After the Academy Award-winning "The Lost Weekend", released in 1945, Billy Wilder and his collaborator Charles Brackett held such exalted positions at Paramount that they were able to begin production on a film without giving the studio a copy of the script. All that Paramount executives knew about the project was the working title, "A Can of Beans", and the terrific-sounding plots Wilder spun at the story conferences. Little did the studio honchos know that Wilder's stories had absolutely nothing to do with the movie he was actually shooting. Wilder went to such lengths to protect his privacy he locked the script up every night before leaving the studio. The characters in "Sunset Blvd." are the faded, psychotic silent movie-queen, Norma Desmond, played viciously without regard for sympathy by Gloria Swanson, and the younger writer Joe Gillis (William Holden) whom she traps. Both are washouts, she a morbific and ageing movie idol, now forgotten and completely passé, and he a self-admitted failure who cannot write a worthwhile script. He makes one fruitless attempt to sell a bad script before succumbing to the humiliation of being her kept man, and later makes one last stab at writing a story, with a young studio reader, a hopeful girl (Nancy Olsen), but that too, is doomed. The film is a great story of Hollywood rooted in the locations and people of the industry. Charles Brackett and Billy Wilder's Oscar-winning script makes reference to real studios, places and stars. We see Cecil B. DeMille working on the set of his film "Samson and Delilah". Norma's ghost-like bridge guests (silent stars Buster Keaton, Anna Q. Nilsson and H.B. Warner), are classified by Joe as "the waxworks". In the role of Max von Mayerling, Norma's butler-chauffeur and former director-husband, Wilder cast Eric von Stroheim. Like Max, von Stroheim was once a major film director, whose career also ended with the silents. In the film we see clips from Gloria Swanson's "Queen Kelly" (1928) which the star also produced and von Stroheim directed. In the film, Wilder finds striking ways to make the verbal and visual high points coincide. When Norma and Joe screen some of her silent classics (actually a clip from "Queen Kelly"), she rises, announces the sureness of her return to the spotlight and is caught by the projector beam as she turns imperiously to Joe. In another example, Joe's brief narration of how he ended up dead in Norma's pool is highlighted with the famous shot looking up at him from the bottom of the pool. We hear his explanation while we see him floating face down, the reporters lined around the edge, their flashbulbs popping. "Sunset Blvd." was a world-wide success, with critics far removed from Hollywood seeing an exact self-portrait, and those closer to home applauding a story on Hollywood's workday fringe. It brought the American 'film noir' to its peak. Also in 1950, John Huston cut up a poor anti-hero in "The Asphalt Jungle" Elia Kazan examined a raw-nerved underworld in "Panic in the Streets" Joseph Losey probed the prejudice against poor Mexican-Americans in "The Lawless" and Jules Dassin, exiled in London as one of the 'Unfriendly Ten', sketched the pestilence behind professional sport in "Night and the City". [filmfactsman]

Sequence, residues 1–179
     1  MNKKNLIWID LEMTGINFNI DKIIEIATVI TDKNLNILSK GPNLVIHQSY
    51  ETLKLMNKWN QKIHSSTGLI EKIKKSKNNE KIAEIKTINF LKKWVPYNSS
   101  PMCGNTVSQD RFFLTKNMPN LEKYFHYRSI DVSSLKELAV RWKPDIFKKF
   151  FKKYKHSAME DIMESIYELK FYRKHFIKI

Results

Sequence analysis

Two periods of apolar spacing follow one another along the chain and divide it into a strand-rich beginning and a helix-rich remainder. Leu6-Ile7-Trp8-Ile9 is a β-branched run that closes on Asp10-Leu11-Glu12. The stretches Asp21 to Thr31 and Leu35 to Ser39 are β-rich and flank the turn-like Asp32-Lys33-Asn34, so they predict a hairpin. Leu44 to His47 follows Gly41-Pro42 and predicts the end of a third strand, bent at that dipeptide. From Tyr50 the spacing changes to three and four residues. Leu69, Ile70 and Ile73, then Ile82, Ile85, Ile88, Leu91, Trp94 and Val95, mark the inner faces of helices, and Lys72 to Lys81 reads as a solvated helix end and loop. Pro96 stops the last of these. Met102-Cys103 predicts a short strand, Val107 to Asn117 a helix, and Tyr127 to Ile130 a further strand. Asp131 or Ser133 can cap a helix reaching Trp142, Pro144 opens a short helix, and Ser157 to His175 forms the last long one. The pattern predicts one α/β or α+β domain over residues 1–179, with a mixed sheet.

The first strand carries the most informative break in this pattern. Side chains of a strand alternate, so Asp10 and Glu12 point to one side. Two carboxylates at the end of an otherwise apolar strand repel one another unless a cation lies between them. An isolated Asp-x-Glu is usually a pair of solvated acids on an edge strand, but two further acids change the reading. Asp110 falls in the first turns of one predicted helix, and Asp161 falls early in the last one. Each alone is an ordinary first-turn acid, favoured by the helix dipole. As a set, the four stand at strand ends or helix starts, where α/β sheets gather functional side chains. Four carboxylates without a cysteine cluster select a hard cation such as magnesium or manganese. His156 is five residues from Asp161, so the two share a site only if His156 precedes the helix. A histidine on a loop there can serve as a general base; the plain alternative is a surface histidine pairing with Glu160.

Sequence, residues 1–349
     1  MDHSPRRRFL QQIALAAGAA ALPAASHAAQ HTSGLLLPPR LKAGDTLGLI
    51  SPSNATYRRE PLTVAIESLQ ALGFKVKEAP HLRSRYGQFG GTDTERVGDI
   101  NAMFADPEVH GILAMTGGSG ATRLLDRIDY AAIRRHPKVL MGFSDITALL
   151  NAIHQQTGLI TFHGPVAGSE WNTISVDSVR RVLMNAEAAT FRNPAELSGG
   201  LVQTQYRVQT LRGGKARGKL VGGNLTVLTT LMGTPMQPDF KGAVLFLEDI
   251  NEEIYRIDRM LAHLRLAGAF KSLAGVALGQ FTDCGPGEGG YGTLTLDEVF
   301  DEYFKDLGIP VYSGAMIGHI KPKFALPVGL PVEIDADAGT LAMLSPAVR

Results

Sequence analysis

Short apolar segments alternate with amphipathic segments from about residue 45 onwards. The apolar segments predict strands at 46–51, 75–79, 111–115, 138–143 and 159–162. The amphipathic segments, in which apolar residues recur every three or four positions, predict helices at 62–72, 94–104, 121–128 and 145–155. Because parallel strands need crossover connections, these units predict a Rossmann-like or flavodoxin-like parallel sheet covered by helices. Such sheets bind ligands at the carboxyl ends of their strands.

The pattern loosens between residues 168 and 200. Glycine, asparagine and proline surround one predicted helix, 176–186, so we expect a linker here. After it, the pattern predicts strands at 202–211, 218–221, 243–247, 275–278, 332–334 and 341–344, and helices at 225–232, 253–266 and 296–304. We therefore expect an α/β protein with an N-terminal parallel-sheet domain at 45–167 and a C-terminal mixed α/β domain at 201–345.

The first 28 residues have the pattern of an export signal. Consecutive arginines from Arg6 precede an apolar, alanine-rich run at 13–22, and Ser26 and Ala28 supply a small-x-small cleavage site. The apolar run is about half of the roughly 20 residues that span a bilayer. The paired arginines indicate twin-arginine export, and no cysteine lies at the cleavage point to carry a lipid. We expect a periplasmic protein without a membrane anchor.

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  • Anonymous